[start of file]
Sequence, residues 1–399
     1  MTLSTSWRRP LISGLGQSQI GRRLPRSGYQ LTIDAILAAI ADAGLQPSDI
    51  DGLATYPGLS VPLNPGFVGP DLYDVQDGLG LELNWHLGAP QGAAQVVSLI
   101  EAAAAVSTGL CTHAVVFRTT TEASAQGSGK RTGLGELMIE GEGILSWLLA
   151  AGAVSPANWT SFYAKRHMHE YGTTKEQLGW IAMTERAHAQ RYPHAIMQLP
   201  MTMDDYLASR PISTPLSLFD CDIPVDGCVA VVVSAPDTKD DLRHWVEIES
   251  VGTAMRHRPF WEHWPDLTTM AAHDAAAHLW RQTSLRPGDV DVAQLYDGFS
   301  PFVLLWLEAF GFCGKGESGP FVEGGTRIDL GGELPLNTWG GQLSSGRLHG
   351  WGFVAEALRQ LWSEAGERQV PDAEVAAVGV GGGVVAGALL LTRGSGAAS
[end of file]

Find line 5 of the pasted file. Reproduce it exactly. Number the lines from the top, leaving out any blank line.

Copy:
   151  AGAVSPANWT SFYAKRHMHE YGTTKEQLGW IAMTERAHAQ RYPHAIMQLP